And yes, I'm ready to plan a trip to Lord Howe Island, if they get rid of the rats and re-introduce the bugs :D
I'll stop by New Zealand and pick up my long-coveted wheel while I'm down there.
"I always say that every person on this earth has the freedom to practice or not practice religion. It is all right to do either. But once you accept religion, it is extremely important to be able to focus your mind on it and sincerely practice the teachings in your daily life. All of us can see that we tend to indulge in religious favouritism by saying, "I belong to this or that religion", rather than making effort to control our agitated minds. This misuse of religion, due to our disturbed minds, also sometimes creates problems.
I know a physicist from Chile who told me that it is not appropriate for a scientist to be biased towards science because of his love and passion for it. I am a Buddhist practitioner and have a lot of faith and respect in the teachings of the Buddha. However, if I mix up my love for and attachment to Buddhism, then my mind shall be biased towards it. A biased mind, which never sees the complete picture, cannot grasp the reality. And any action that results from such a state of mind will not be in tune with reality. As such it causes a lot of problems. "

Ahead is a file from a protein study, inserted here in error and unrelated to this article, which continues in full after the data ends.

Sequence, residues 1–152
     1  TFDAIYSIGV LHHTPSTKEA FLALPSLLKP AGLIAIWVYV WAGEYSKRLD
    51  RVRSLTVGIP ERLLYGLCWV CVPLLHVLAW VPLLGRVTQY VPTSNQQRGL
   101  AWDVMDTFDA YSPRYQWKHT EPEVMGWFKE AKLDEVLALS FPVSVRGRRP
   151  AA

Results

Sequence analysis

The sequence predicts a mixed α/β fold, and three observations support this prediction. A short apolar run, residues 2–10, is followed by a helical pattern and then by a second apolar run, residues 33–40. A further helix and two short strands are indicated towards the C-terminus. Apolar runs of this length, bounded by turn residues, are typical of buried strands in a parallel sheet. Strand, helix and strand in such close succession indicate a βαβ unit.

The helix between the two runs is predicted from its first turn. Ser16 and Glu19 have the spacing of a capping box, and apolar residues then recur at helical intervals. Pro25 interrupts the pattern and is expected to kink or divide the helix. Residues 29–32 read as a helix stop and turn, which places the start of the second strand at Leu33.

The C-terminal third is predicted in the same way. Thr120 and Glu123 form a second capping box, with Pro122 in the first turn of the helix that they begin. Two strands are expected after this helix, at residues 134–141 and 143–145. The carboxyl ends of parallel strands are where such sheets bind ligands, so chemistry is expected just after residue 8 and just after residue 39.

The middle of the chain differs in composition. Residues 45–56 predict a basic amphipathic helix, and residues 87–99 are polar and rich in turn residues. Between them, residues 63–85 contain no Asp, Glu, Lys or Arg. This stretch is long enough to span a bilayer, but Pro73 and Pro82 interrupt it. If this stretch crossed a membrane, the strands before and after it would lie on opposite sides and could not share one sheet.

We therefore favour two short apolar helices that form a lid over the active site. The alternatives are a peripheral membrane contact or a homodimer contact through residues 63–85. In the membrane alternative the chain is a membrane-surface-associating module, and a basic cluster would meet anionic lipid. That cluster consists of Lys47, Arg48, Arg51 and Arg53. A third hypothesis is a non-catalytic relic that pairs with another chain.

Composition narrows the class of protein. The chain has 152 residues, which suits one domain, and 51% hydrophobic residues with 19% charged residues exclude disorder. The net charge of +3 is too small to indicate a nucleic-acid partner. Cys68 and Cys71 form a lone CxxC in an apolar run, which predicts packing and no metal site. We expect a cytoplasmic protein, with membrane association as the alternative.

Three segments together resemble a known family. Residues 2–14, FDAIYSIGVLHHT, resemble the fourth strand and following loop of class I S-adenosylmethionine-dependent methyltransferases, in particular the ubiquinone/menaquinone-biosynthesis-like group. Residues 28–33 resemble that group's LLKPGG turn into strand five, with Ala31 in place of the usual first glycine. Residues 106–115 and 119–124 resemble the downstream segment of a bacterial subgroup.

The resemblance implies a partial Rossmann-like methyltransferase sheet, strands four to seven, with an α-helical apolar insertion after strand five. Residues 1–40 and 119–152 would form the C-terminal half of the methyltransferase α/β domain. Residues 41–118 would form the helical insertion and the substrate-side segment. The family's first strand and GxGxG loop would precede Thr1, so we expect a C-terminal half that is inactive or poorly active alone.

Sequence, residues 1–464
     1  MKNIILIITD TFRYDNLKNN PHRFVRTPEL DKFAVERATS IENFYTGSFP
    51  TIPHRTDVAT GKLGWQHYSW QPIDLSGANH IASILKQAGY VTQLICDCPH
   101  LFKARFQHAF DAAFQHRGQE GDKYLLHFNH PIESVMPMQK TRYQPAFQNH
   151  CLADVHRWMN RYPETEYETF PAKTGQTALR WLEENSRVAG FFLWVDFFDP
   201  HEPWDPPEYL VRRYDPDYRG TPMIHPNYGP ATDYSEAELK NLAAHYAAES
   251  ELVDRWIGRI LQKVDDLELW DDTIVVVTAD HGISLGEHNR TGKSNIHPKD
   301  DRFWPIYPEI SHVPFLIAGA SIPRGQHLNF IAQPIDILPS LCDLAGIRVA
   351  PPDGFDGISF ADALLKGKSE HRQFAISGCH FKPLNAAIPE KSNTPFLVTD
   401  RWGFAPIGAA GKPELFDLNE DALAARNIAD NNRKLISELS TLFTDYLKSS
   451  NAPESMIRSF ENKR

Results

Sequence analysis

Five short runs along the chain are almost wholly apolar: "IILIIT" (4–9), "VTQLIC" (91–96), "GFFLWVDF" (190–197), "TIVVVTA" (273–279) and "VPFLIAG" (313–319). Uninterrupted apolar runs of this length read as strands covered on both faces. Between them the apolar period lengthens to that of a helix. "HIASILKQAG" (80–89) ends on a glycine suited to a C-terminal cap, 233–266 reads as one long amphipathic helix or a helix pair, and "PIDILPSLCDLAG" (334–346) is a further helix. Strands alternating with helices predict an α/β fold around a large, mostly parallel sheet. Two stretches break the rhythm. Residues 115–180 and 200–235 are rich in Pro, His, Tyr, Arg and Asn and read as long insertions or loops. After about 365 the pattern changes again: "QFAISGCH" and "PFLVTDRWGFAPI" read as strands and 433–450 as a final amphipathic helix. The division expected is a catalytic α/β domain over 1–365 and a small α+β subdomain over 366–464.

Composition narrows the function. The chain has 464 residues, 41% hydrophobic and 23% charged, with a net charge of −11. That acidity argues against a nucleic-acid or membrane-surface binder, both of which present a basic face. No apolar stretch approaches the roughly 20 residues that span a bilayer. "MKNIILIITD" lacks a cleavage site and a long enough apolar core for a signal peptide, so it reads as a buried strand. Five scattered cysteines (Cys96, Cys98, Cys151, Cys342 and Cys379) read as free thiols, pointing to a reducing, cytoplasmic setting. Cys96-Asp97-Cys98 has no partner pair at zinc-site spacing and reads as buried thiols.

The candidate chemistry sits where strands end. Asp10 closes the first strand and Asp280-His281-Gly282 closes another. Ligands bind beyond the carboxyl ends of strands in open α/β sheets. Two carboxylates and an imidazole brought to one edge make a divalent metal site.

Bright star, would I were stedfast as thou art--
Not in lone splendour hung aloft the night
And watching, with eternal lids apart,
Like nature's patient, sleepless Eremite,
The moving waters at their priestlike task
Of pure ablution round earth's human shores,
Or gazing on the new soft-fallen mask
Of snow upon the mountains and the moors--
No--yet still stedfast, still unchangeable,
Pillow'd upon my fair love's ripening breast,
To feel for ever its soft fall and swell,
Awake for ever in a sweet unrest,
Still, still to hear her tender-taken breath,
And so live ever--or else swoon to death.
We know that the rise in temperatures over the past five decades is abrupt and very large. We know it is consistent with models developed by other climate researchers that posit greenhouse gas emissions — the burning of fossil fuels by humans — as the cause. And now we know, thanks to Muller, that those other scientists have been both careful and honorable in their work.
Nobody’s fudging the numbers. Nobody’s manipulating data to win research grants, as Perry claims, or making an undue fuss over a “naturally occurring” warm-up, as Bachmann alleges. Contrary to what Cain says, the science is real.